It has elements of ping pong but also of Russian roulette: the dynamics of bird flu. New variants of the virus are constantly emerging, which sometimes mainly affect poultry, sometimes mainly wild birds – but sometimes also claim human lives. In 2003 there was an outbreak in the Netherlands in which 30 million chickens were culled. 89 people also became infected with the virus; a vet died. Since 2014, there have been outbreaks with other variants. From October to July this year, all poultry in the Netherlands were forced to stay indoors, but a few companies were still infected.
Preventing an outbreak is better than a cure – but which is the smartest? There are all kinds of drawbacks to cages, says Janneke Schreuder, veterinarian and epidemiologist: “Both economically and in terms of animal welfare. You actually want to develop a much broader prevention approach.” Schreuder investigated the best way to do this. She obtained her PhD at Utrecht University on 13 July.
What about bird flu? Is it always so dangerous?
“New. There are many bird flu viruses, and many of them hardly make birds sick. We call these low-pathogenic. They originally circulate in wild bird populations. They are as mutable as human flu viruses – and they can spread to poultry. In intensive poultry farming, these viruses sometimes mutate into a highly pathogenic variant. This happened, for example, with the H7N7 variant in 2003 in the Netherlands.
“Since then, something different has happened in Asia: highly pathogenic variants of the H5 type have moved from poultry to migratory birds. It turned out that they did not always die immediately, so that those variants can maintain themselves in those populations. In the breeding areas, for example in Siberia, the Asian migratory birds come into contact with migratory birds from Europe. This allowed those variants to spread. So far, no humans have become ill, but it has already been shown that they can jump to seals and foxes.”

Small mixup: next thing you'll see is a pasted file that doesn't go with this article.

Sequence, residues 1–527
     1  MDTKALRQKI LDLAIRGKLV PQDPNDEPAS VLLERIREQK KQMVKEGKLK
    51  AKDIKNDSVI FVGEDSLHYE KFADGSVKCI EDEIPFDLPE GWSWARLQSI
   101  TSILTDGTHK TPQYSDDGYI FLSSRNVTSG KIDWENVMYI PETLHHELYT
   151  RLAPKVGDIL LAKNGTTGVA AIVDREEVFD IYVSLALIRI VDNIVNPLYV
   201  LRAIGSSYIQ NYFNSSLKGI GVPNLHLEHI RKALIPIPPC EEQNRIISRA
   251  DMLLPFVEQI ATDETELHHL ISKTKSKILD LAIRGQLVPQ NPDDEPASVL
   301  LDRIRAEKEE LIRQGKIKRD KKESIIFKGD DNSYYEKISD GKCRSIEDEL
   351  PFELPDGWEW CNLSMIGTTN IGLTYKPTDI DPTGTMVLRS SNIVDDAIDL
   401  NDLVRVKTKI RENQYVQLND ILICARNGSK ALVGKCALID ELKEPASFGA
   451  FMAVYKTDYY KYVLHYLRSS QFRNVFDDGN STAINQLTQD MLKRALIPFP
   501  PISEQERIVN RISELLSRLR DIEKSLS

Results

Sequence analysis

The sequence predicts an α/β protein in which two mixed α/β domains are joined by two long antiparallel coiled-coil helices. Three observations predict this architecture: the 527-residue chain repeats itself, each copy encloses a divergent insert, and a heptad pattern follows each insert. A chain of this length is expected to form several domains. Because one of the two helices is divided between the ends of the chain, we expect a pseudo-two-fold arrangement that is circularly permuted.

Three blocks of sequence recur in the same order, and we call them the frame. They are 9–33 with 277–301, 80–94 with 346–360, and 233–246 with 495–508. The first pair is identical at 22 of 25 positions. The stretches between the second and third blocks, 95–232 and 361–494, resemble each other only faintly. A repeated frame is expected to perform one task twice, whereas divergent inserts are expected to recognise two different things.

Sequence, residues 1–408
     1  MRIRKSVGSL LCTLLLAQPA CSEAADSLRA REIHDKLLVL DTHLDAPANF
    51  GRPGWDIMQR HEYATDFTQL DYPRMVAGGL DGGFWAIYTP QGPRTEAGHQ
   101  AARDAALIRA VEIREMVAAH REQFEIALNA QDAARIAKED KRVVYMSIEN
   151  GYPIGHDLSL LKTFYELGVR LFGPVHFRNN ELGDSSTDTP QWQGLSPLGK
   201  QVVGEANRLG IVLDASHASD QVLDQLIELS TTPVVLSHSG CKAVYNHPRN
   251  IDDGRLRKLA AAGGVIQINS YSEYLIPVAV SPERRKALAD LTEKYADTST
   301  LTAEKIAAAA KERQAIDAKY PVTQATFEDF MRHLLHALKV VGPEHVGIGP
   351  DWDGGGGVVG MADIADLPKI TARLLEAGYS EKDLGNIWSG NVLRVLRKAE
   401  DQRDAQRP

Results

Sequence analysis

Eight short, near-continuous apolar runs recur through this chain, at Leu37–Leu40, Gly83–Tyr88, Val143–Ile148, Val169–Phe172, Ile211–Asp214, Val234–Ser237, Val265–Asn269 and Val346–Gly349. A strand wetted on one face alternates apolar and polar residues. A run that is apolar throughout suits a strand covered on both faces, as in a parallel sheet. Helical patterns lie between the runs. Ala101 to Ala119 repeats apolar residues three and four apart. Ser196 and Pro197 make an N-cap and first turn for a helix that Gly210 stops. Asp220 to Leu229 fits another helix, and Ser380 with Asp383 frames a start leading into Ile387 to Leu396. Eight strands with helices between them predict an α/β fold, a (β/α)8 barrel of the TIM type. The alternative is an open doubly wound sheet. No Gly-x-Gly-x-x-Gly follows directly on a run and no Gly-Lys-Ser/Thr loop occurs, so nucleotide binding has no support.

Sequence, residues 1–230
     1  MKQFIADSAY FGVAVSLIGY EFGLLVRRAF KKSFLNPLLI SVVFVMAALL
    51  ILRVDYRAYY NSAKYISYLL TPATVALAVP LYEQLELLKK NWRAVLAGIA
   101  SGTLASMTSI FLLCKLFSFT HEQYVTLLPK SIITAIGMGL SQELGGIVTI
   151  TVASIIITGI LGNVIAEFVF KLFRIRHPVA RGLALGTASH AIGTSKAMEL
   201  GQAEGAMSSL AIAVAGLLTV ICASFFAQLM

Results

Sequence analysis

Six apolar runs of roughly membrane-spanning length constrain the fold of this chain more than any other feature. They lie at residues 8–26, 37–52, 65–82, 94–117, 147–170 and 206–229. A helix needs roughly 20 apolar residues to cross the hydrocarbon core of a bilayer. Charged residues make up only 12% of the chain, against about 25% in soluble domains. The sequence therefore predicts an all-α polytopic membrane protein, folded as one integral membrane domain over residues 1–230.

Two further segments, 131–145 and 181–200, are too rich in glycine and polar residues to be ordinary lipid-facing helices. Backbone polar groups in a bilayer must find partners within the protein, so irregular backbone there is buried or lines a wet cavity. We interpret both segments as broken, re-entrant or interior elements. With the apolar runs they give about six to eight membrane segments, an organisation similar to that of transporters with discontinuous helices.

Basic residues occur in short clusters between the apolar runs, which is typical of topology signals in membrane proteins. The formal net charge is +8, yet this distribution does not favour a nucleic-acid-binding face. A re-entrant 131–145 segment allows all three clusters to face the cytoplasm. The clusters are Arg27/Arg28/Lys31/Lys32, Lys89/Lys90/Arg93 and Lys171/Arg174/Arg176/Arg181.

We can say that the highly pathogenic variants are now widely circulating in wild birds
How is the situation now?
“Now there are several highly pathogenic variants in circulation around the world. Which type is dominant and how sick birds get from it varies from year to year. This year, many wild geese fell ill in the Netherlands, but also scavengers such as birds of prey. Other years it is different species, such as wigeon or tufted ducks. We can say that the highly pathogenic variants are now widely circulating in wild birds and thus pose a risk to poultry and wild birds worldwide. That makes this topic increasingly urgent. Also because there is always the risk that a variant will arise that makes people sick.”
What exactly did you research?
“Among other things, whether you can tell from the poultry manure whether there is contact with wild birds. The hypothesis is that infections mainly occur through direct or indirect contact with feces of wild birds. The composition of the gut bacteria of chickens could be an indicator of that contact. We conducted an experiment in which we brought free-range and free-range chickens into contact with mallard duck manure and looked at the effect on the composition of their gut bacteria. The effects turned out to be very limited.”